‘Evangeline’ was compared with ‘Beauregard’ in randomized complete block trials with four replications at the Sweet Potato Research Station in Chase, LA. ‘Evangeline’ and ‘Beauregard’ sweetpotato plants were transplanted at 31-cm spacings at early (9 June), middle (16 June), and late (11 July) transplanting dates in 2005. Roots were harvested from 99 to 106 d after transplanting. Average yield for U.S. #1 (51–89 mm in diameter, 76–229 mm long) grade was comparable to ‘Beauregard’ in all three plantings (Table 1). These results are consistent with 24 replicated on-farm trails; ‘Evangeline’ and ‘Beauregard’ did not differ significantly except in one trial and yield varied minimally (≈2% for all plots combined) for the U.S. #1 grade. Canner (25–51 mm in diameter, 51–178 mm long) grade was greater for ‘Evangeline’ in the first planting only in comparison with ‘Beauregard’. It is not expected that ‘Evangeline’ will produce any greater number of canners in comparison with ‘Beauregard’. ‘Evangeline’ does have a propensity to produce fewer jumbo (larger than U.S. #1 in diameter, length, or both and without objectionable defects) grade roots in comparison with ‘Beauregard’. Jumbos are mostly encountered in fields with a poor plant stand or harvested late, i.e., 120+ d. ‘Evangeline’ may extend the harvest window for a producer without undue numbers of oversized, jumbo roots; ‘Evangeline’ does not appear to need additional growing days to achieve optimal yield of U.S. #1 grade in comparison with ‘Beauregard’. ‘Evangeline’ stores well and is comparable to ‘Beauregard’.

Table 1.

Average yield by grade of Evangeline and Beauregard in replicated trials at various planting dates in 2005.

Table 1.

Plants of ‘Evangeline’ from propagation beds are comparable to ‘Beauregard’ in number and earliness. There is a tendency of roots bedded too deep to produce fewer plants in comparison with ‘Beauregard’ bedded similarly.

Quality Attributes

The most salient feature of ‘Evangeline’ is the sugar content in cured, baked roots.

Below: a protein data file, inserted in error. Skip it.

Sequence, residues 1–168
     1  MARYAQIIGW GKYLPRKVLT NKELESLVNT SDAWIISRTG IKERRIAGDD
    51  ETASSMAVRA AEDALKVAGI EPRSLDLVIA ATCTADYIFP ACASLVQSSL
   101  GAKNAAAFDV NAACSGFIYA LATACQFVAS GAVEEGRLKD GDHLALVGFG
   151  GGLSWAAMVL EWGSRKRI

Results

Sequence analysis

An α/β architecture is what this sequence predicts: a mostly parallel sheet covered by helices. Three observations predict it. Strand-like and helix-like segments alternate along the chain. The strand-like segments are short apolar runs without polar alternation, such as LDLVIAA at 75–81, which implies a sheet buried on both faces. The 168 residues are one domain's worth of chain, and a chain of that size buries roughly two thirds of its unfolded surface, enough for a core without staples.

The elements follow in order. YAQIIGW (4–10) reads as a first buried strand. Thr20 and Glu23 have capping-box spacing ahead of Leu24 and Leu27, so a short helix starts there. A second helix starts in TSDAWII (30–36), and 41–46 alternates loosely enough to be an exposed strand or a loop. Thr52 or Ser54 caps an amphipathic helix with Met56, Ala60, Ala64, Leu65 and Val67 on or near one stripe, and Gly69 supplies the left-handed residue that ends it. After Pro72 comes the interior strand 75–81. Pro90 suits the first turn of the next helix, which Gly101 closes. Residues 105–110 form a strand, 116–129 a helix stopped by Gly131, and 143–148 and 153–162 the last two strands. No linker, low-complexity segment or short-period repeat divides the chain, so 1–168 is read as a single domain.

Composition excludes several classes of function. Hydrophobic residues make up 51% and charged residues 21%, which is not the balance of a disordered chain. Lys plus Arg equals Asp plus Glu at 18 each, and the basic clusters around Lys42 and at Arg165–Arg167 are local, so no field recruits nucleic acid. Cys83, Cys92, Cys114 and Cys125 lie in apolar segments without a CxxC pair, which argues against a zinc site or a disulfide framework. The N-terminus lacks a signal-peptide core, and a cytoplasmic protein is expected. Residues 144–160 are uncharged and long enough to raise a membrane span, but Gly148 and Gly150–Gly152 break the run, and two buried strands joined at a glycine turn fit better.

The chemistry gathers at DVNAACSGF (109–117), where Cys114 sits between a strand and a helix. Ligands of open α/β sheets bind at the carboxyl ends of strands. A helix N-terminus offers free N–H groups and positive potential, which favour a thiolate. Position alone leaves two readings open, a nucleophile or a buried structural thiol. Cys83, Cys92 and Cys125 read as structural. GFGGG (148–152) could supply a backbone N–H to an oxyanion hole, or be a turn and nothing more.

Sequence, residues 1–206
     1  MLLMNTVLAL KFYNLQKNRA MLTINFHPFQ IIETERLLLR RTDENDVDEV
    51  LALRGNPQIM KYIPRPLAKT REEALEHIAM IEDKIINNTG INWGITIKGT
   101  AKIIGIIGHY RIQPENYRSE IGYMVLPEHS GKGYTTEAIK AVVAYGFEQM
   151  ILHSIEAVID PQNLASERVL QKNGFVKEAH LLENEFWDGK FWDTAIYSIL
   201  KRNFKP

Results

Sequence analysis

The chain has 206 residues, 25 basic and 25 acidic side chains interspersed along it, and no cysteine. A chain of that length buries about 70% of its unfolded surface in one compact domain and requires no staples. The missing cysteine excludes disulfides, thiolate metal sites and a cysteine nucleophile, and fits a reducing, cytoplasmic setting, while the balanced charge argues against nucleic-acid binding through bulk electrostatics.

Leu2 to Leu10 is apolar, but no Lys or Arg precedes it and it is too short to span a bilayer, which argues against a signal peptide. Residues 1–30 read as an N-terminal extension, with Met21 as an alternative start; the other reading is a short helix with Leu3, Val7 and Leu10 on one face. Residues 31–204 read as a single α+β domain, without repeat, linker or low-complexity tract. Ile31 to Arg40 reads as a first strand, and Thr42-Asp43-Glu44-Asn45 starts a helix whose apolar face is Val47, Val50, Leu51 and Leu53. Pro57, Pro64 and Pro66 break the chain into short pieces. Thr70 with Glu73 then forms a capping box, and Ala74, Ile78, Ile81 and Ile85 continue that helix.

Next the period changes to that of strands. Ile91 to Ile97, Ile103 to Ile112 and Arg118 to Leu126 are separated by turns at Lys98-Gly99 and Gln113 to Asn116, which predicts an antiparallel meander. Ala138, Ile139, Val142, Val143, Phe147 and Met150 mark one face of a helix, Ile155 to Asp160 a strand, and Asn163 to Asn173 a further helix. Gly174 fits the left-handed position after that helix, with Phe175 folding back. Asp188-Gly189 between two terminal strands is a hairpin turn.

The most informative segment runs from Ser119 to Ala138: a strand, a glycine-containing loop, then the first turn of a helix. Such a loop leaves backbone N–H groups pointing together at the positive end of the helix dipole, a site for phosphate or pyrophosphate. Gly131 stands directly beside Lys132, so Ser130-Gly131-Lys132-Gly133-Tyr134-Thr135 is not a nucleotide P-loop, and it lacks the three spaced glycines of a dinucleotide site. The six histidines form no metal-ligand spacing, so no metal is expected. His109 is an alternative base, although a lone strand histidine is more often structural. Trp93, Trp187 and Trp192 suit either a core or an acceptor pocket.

Roots stored from 3 to 5 months in 2005 and 2006 were baked at 190 °C for ≈2.0 h. Sucrose content in baked ‘Evangeline’ was twice (≈63 mg·g−1 fresh weight) that found in baked ‘Beauregard’ (≈29 mg·g−1 fresh weight). In contrast, ‘Beauregard’ had nearly twice as much maltose (≈52 mg·g−1 fresh weight) as ‘Evangeline’ (≈27 mg·g−1 fresh weight). However, maltose is perceived 30% to 50% less sweet than sucrose (http://food.oregonstate.edu/sugar/sweet.html). Total sugar content was ≈10% greater for ‘Evangeline’ in comparison with ‘Beauregard’. ‘Evangeline’ is perceived as superior in flavor and color as a baked product in comparison with ‘Beauregard’. ‘Evangeline’ was highly rated in canning trials over several years for taste and color and minimal oxidation. ‘Evangeline’ has two to three times the sucrose as ‘Beauregard’ when microwaved, whereas maltose levels are similar for the two varieties. Overall, total sugars are at least one-third more and suggests that ‘Evangeline’ would make an excellent microwavable sweetpotato.

Availability

Limited quantities of foundation seed stock will be commercially available for the 2008 crop season. Requests for roots should be made to the Sweet Potato Research Station, P.O. Box 120, Chase, LA 71324. Intellectual property protection will be sought.

Contributor Notes

Approved for publication by the Director of the Louisiana Agricultural Experiment Station as manuscript number 07-14-0377. Supported by state and matching funds allocated to the Louisiana State University Agricultural Center and the Louisiana Sweet Potato Advertising and Development Commission.

Professor.

Associate Professor.

To whom reprint requests should be addressed; e-mail dlabonte@agcenter.lsu.edu

All Time Past Year Past 30 Days
Abstract Views 0 0 0
Full Text Views 9 9 1
PDF Downloads 43 43 5